World Soil Day
World Soil Day (WSD) is held annually on 5 December as a means to focus attention on the value of healthy soil and to advocate for the sustainable management of soil resources for a food-secure future. The date of 5 December for WSD was selected because it corresponds with the official birthday of H.M. King Bhumibol Adulyadej, the King of Thailand, who officially sanctioned the event
Soil is home to more than 1/4 of our planet’s biodiversity. We only know 1% of this universe. There are more living creatures in a single teaspoon of healthy soil than there are people on Earth. Soil organisms are responsible for several critical ecosystem processes on which humans depend: from helping plant growth, to storing carbon and being a vast reservoir for pharmaceuticals.
Soil biodiversity is under hazard. Half of the topsoil on earth has been lost in the last 150 years, with a staggering 26.4 billion lots of soil lost annually, a rate that is 10 times faster than soil is being replenished. Soil disintegration is additionally a considerable yet largely forgotten contributor to carbon emissions.
World Soil Day 2020:Know the importance of soil
- Soil is a living resource and home to more than 25% the planet’s plant life
- 95% of our food comes from the soil
- Quality and quantity of fruits, vegetables and food grains depend on the health of the soil
- Soil organisms are constantly at work to sustain life on Earth
- Soil helps fight climate change and global warming
World Soil Day: How to stop soil pollution
- Avoid single-use plastic
- Choose eco-friendly, gardening, cleaning and personal care products
- Dispose of hazardous waste like batteries responsibly
- Compost your food waste
- Adopt a plant-based diet
- Let’s be the solution to stop soil pollution
World Soil Day 2020 Theme
‘Keep soil alive, Protect soil biodiversity’
History of World Soil Day
The International Union of Soil Sciences (IUSS), in 2002, adopted a resolution proposing that 5 December be marked as World Soil Day to celebrate the importance of soil as a critical component of the natural system and as a vital contributor to human well-being.
The Food and Agriculture Organization of the UN (FAO) Conference, in June 2013, unanimously endorsed World Soil Day and requested official adoption at the 68th UN General Assembly. In December 2013, the 68th UN General Assembly declared 5 December as the World Soil Day.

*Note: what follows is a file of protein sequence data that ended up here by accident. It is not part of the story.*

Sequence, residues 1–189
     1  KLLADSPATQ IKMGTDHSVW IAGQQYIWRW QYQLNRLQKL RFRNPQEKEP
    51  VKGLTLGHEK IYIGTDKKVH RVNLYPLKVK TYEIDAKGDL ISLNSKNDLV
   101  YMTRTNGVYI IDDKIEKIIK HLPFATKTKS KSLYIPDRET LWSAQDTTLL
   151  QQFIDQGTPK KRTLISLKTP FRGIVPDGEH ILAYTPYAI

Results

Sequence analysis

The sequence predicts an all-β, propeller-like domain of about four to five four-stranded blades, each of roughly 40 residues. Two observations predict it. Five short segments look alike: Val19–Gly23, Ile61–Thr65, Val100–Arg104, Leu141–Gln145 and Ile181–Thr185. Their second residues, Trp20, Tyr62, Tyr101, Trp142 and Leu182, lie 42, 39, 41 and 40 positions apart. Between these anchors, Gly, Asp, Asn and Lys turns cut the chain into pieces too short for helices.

How to celebrate World Soil Day?
The very best method to celebrate this day is to do precisely what scientists the world over so severely requires to: educate ourselves. A massive amount of damage is done to the planet every year due not to ill will, however to lack of knowledge– a number of us merely do not know enough about the earth to know when we are damaging it, sometimes irreparably.
As it turns out, there are a number of things we regular individuals can do that can significantly help the soil we live off of stay in good condition. For example, we can plant a rain garden. For those of you who may not know what a rain garden is, it’s a shallow depression in the backyard or garden rainwater can easily stream into, which helps reduce soil disintegration.
It is also a great idea to lower the quantity of surfaces such as driveways and outdoor patios to a minimum, as water streaming over them acquires momentum and triggers more erosion than it generally would when it reaches the soil. If you definitely need to have that patio, you could consider having it developed with paving stones so rainwater can flow directly downward into the soil instead.
Another easy method you might set about saving soil (and in this case, water also) is to have a rain barrel placed someplace where it can collect rainwater streaming off your roofing, which you can then use to water your yard. Whatever you choose to do, remember that even the tiniest gestures can make a big difference to Mother Nature!
How we contribute to World Soil Day?
Society must be more dedicated to promoting sustainability, and contribute to a number of the Sustainable Development Goals in new creative ways. For World Soil Day, three of these efforts enter into greater focus as we highlight efforts that support the cause.
It’s dark and crumbly, and does not look really interesting at first look, but soil plays a larger part in our lives than you may realise. 95% of our food originates from soil. What’s more, soil holds three times as much carbon as the environment, which can help us manage the challenges of a changing climate.
To celebrate soil and raise global awareness of its importance, World Soil Day is celebrated every year on the 5th of December, at the Food and Agriculture Organization (FAO) of the United Nations (UN) headquarters in Rome, the regional offices, and through national and local events.
The UN has 17 Sustainable Development Goals which resolve global challenges, and promote a more sustainable future and better lifestyle. 4 of these goals help assist in the fight against soil pollution by having objectives which take into consideration our natural deposits and how they associate with food and security.
We should all strive to promote sustainable agriculture in an effort to end hunger. Given that 50% more food will be needed for the world and its growing population by 2050, while our natural resources are being quickly deteriorated, we need a more effective and viable way of producing food (FAO, IFAD, UNICEF, WFP and WHO, 2017).